|Location||Moesgård Allé 15, |
|Type||Cultural history museum, archaeological museum|
|Director||Mads Kähler Holst|
MOMU cooperates with the Institute of Prehistoric Archaeology, Medieval and Renaissance Archaeology and Anthropology at Aarhus University. The main part of the museum’s archaeological collection is of Danish origin. In addition, the Ethnographical Collections contain almost 50,000 artifacts from all over the world. They are used both for research and exhibitions. The collection also contains photographic material, films and sound recordings. The museum’s exhibitions presents several unrivaled archaeological findings from Denmark’s ancient past, among others the Grauballe Man, the world’s best preserved bog body and the large ritual weapon caches from Illerup Ådal, testifying the power struggles and warfare of the Iron Age. The collection also contains seven local rune stones. Temporary exhibitions at the museum also display examples of the world's cultural heritage.
A large new museum building, designed by Henning Larsen Architects, housing both exhibitions for the public and headquarters for academic activities, was inaugurated in 2014. The museum building is constructed around a broad central staircase. The upper levels shows changing exhibits of history and culture from around the world, while the lower levels house the permanent exhibitions on Danish, Scandinavian and European history and culture.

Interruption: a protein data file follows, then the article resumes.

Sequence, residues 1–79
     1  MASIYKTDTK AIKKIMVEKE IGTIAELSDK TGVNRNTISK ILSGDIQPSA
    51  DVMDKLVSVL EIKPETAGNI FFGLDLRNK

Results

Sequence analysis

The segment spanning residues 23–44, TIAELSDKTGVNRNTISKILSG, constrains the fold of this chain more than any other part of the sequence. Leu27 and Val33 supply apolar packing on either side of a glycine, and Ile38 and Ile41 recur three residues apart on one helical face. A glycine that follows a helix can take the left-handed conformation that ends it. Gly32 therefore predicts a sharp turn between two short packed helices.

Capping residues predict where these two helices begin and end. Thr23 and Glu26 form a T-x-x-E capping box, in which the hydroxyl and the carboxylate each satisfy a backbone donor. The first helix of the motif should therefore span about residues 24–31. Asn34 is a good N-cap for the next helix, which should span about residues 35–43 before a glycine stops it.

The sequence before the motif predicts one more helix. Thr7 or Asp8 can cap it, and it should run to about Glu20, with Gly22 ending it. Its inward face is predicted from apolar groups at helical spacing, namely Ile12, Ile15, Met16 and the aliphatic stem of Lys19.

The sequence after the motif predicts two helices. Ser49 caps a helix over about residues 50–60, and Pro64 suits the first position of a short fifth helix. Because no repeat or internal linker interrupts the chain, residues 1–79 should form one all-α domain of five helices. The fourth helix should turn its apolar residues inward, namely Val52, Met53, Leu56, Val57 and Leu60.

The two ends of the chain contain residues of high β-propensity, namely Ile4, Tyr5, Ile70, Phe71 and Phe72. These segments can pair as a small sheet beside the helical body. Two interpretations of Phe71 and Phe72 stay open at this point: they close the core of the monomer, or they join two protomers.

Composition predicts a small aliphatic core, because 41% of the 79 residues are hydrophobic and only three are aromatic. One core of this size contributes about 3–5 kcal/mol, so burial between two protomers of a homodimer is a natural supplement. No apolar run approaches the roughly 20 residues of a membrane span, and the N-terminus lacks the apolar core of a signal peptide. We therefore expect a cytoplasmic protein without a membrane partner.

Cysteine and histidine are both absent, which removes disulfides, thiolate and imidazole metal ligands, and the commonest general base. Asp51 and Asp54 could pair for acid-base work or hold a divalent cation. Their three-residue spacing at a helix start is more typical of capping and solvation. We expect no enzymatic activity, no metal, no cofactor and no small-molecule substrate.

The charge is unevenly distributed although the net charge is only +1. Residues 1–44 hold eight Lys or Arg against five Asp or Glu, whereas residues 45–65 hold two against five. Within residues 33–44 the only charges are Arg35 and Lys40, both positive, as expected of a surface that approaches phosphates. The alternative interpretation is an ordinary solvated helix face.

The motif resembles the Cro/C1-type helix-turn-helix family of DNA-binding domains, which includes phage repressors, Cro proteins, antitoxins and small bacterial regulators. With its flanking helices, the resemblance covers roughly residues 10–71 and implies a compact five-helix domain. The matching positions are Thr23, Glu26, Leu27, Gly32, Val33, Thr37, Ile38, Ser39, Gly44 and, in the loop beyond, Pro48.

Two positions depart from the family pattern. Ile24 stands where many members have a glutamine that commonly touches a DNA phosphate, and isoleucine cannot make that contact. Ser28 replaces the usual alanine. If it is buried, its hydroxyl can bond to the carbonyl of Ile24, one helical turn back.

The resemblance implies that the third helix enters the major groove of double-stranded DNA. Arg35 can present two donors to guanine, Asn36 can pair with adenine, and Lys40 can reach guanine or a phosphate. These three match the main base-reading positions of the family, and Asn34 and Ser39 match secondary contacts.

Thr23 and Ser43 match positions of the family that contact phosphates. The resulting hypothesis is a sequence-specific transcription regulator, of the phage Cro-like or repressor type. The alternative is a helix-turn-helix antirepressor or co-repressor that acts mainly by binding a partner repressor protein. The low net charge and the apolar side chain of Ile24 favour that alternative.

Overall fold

The permanent indoor exhibitions comprise the Stone Age, Bronze Age, Iron Age and Viking Age as it unfolded in Denmark and Scandinavia specifically and an exhibition on Medieval Denmark in c. 1050 to 1536. They are highly interactive in several languages, designed to appeal to as broad an audience as possible, without losing academic depth and accuracy. The prehistoric exhibitions includes these notable artifacts:
- Model of a large Bronze Age barrow, "Borum Eshøj"
- Thousands of items from the Iron-Age votive site at Illerup Ådal
- Copies of the Golden horns of Gallehus (Guldhornene)
- Grauballe Man, a bog body from Grauballe, Denmark
- Various runestones, including the Mask stone (Maskestenen)
- Snaptun stone, often identified as a depiction of Loki
- Hørning Church, a reconstructed early Danish stave church
The historical landscape
As an open-air museum, the landscape surrounding Moesgaard Museum displays different epochs and eras of Denmark's past, from ancient to modern times. A larger part of the woodlands represents different prehistoric climatic epochs of the Holocene, and a number of reconstructed buildings are strewn across the landscape, stretching all the way to the beach and shores in the east. The buildings include several relocated tumuli from the neolithic and the Bronze Age, houses from the early Iron Age and Viking Age, and several Medieval buildings, some of which are still in use.